If there is someone with an authorized voice that can speak today with contemporary validity of soccer in both the United States and Mexico, it has to be Omar Gonzalez, a champion in MLS and in Liga MX.
The Texas native won everything in MLS as a star and a key player of a world star-studded LA Galaxy. When he conquered his second of three MLS Cups in his resume, it wasn’t David Beckham, Landon Donovan, or Robbie Keane who came through for the galactic squad during its toughest moment in the final, it was Gonzalez.
That performance won him recognition and among other things, a Designated Player contract – the first one of its kind for an American defender in the league. It also set eyes on him from across the border.
“He’s easy to identify, a guy who’s almost two meters, Mexican, center back with great conditions, it’s an obvious target for us. We pursued him for many years,” Marco Garces, Pachuca’s Sporting Director, admits.
Many agree on that Gonzalez’s consolidation with the USMNT that Jürgen Klinsmann manages happened precisely in a match against Mexico. A game played early during the 2013 Hex, when the US visited the monumental Aztec Stadium and came out with a historic 0-0 draw due to an unforgettable defensive display by Omar.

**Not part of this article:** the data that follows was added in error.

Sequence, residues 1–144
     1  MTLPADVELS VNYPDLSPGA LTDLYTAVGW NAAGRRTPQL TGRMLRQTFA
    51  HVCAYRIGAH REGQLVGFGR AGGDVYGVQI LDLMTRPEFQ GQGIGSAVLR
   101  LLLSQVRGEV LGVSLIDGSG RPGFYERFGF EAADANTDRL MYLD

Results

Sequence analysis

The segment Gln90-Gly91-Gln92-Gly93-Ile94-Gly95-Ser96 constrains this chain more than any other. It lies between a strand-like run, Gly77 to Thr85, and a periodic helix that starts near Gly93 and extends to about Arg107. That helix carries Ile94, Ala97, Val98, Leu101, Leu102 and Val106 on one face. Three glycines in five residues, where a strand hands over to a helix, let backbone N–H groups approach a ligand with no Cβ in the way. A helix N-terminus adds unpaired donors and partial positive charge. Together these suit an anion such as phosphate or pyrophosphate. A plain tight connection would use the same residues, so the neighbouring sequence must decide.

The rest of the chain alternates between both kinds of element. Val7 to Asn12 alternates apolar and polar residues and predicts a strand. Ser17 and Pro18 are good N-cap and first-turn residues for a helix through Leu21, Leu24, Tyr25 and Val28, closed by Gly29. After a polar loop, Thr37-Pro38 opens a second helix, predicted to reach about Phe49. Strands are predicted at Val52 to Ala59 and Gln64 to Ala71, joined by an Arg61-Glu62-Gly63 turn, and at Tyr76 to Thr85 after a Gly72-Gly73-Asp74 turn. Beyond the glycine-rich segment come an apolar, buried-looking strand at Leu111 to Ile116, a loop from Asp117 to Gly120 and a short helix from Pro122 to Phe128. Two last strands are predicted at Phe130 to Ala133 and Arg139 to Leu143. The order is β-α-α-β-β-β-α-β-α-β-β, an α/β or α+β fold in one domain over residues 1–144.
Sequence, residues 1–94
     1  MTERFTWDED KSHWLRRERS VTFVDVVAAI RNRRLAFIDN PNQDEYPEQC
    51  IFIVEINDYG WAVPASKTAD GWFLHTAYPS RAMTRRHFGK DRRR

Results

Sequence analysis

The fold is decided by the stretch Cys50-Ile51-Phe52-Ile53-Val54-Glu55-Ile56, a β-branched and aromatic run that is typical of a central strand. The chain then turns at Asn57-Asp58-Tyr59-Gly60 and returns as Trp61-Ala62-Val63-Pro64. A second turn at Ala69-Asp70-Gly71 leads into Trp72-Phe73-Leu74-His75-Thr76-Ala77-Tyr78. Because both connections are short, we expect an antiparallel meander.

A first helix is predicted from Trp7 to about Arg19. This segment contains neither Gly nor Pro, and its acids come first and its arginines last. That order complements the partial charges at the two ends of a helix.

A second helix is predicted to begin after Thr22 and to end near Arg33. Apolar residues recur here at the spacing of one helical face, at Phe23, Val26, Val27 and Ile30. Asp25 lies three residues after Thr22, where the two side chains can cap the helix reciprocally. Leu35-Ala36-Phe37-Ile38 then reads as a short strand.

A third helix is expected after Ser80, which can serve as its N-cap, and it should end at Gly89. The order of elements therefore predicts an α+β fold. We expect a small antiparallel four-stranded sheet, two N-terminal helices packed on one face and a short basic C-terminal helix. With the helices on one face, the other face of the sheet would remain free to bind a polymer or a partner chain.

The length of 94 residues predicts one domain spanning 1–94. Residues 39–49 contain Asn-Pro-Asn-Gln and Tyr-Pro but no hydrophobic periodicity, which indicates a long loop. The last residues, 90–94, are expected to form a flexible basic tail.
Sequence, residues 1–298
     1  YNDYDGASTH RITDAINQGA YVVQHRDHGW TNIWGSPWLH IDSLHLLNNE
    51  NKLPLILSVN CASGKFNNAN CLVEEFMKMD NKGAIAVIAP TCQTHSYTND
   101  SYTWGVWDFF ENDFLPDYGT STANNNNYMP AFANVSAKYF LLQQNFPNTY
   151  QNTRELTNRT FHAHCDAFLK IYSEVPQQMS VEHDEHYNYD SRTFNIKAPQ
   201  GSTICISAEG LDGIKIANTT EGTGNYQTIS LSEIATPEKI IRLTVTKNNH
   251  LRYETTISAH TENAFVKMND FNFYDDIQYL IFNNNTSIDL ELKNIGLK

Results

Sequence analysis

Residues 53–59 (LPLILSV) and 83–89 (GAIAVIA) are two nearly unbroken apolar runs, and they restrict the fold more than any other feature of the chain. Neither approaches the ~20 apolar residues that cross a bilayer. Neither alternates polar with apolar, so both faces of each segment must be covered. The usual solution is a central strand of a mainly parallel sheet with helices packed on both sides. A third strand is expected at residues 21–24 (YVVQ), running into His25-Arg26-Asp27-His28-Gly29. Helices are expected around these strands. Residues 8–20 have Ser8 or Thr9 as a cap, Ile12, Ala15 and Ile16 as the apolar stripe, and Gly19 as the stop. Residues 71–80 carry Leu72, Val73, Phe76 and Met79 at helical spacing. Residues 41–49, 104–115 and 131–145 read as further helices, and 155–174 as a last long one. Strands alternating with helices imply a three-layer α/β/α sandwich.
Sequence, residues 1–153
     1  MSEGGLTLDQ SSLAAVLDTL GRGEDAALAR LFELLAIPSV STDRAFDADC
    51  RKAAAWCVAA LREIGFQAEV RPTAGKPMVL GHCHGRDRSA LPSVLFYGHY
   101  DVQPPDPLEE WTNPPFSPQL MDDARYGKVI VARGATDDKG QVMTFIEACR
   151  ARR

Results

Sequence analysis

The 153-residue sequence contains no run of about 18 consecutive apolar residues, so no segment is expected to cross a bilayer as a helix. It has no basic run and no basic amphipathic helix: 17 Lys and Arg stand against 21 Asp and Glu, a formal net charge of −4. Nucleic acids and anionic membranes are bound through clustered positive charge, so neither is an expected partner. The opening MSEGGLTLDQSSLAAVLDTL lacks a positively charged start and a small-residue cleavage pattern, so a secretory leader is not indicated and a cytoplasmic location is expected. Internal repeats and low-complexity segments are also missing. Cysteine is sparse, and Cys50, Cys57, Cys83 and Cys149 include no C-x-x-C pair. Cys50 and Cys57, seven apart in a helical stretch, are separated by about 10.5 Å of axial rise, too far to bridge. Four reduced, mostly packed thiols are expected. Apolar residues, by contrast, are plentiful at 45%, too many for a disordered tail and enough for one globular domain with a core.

Surely it was then that the directors from the club based in the Mexican State of Hidalgo were fully convinced that it was worth the effort to sign the Galaxy footballer, a transfer that was materialized on December 2015.
Maybe it was faith that was taking him to the land of his parents, maybe it was just as the popular Latin-American saying: “the blood calls” – in this case meaning his Mexican blood heritage was attracting him back to his ancestors’ origin. Perhaps it was just mere coincidence, but certainly the winds of change took him from the breeze of the Californian beaches to the “Bella Airosa” (Beautiful Airy City).
And since life is a constant irony, while Los Angeles is the city with the second largest population of Mexican origin and it is presumed that it is a multicultural hotspot, Gonzalez found in Pachuca a place to fill-up with culture and diversity which he was lacking of in his suburban life in California.
Even though he has moved to another country, in a way, it was like being at home, not because of his family genes, but because of the family environment that Pachuca carries as an institutional philosophy.
“The family environment is really important to this club. And being a family man myself, it was really important that coming to Pachuca that that was one of the key things of this club,” said Gonzalez, who played at the 2014 World Cup and is now the father of two infant daughters.